Diigo Links

Wednesday, February 23, 2011

How I buy "free" bikes every other year

Firstly I don't actually buy a bike every other year. Well, I don't plan to. Sometimes it just happens that way.

But here's the math. The best price I can get on an annual train ticket is $1920 - that's a Multi-pass (allows for travel on train, bus, ferry). You already see where I'm going with this. All I need to do is commute on the bike for an equivalent value "$1920" to offset that cost. In my case this takes a year. So, if I rode to work every work day I'd be ahead maybe $1500 (because you have to discount for the extra utility of the annual MyMulti on weekends for daytrips, etc. ). If there were no "problems" I would be able to justify a new $1500 bike every year.

Problem 1: I don't ride every day.

I'm on schedule for an annual "daily" fare offset of $960 and it's mid-summer.

Problem 2 : Winter

The time is about to change. It'll get dark. It'll get cold. I'll take the train.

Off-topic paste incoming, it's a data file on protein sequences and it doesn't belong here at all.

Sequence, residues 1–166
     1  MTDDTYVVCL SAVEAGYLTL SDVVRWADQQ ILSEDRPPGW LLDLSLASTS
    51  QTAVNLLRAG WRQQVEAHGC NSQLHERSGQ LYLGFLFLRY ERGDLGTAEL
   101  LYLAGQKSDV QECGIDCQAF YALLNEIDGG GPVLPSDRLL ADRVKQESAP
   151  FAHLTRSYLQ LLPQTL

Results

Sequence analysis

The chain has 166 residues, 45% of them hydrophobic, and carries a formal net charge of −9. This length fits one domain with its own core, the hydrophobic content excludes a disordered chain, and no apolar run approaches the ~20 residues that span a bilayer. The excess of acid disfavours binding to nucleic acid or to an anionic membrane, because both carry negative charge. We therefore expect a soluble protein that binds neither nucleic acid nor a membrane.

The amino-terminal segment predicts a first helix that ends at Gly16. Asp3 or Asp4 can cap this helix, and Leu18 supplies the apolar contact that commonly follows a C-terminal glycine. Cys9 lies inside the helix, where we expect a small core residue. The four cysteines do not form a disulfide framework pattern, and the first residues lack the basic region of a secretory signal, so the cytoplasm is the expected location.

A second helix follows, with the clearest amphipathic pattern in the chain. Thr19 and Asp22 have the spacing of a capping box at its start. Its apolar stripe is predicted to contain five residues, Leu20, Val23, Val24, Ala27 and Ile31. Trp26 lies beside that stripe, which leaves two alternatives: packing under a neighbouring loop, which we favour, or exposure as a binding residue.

Problem 3 : Other

There are other problems.

So, with these problems in mind, I'll never actually make my $960 offset for the year. I'll maybe make $700. So, two years = $1400.

Now, I can either pocket that $1400 as "savings", OR I can "claim" my $1400 back as a bike. Clearly a person doesn't need to buy a new bike every other year. Clearly. Clearly. Rationally.

I'm pretty sure this is an "every other" year now. Sorry, did my math wrong. Next year is an "every other" year. I wonder if it will be a rational year.

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